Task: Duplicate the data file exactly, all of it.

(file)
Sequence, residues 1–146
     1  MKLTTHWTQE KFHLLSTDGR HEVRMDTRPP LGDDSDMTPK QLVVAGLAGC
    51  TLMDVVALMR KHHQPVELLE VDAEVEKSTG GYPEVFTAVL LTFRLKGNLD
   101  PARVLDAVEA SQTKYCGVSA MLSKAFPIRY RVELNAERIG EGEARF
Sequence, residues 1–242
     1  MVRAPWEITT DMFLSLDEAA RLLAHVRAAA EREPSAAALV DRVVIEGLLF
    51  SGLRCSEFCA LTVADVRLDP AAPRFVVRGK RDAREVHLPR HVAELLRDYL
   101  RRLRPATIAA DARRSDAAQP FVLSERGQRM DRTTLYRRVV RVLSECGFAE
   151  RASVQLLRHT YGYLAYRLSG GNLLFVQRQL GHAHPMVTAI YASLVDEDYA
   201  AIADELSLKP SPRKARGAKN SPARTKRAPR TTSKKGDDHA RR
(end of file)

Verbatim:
Sequence, residues 1–146
     1  MKLTTHWTQE KFHLLSTDGR HEVRMDTRPP LGDDSDMTPK QLVVAGLAGC
    51  TLMDVVALMR KHHQPVELLE VDAEVEKSTG GYPEVFTAVL LTFRLKGNLD
   101  PARVLDAVEA SQTKYCGVSA MLSKAFPIRY RVELNAERIG EGEARF
Sequence, residues 1–242
     1  MVRAPWEITT DMFLSLDEAA RLLAHVRAAA EREPSAAALV DRVVIEGLLF
    51  SGLRCSEFCA LTVADVRLDP AAPRFVVRGK RDAREVHLPR HVAELLRDYL
   101  RRLRPATIAA DARRSDAAQP FVLSERGQRM DRTTLYRRVV RVLSECGFAE
   151  RASVQLLRHT YGYLAYRLSG GNLLFVQRQL GHAHPMVTAI YASLVDEDYA
   201  AIADELSLKP SPRKARGAKN SPARTKRAPR TTSKKGDDHA RR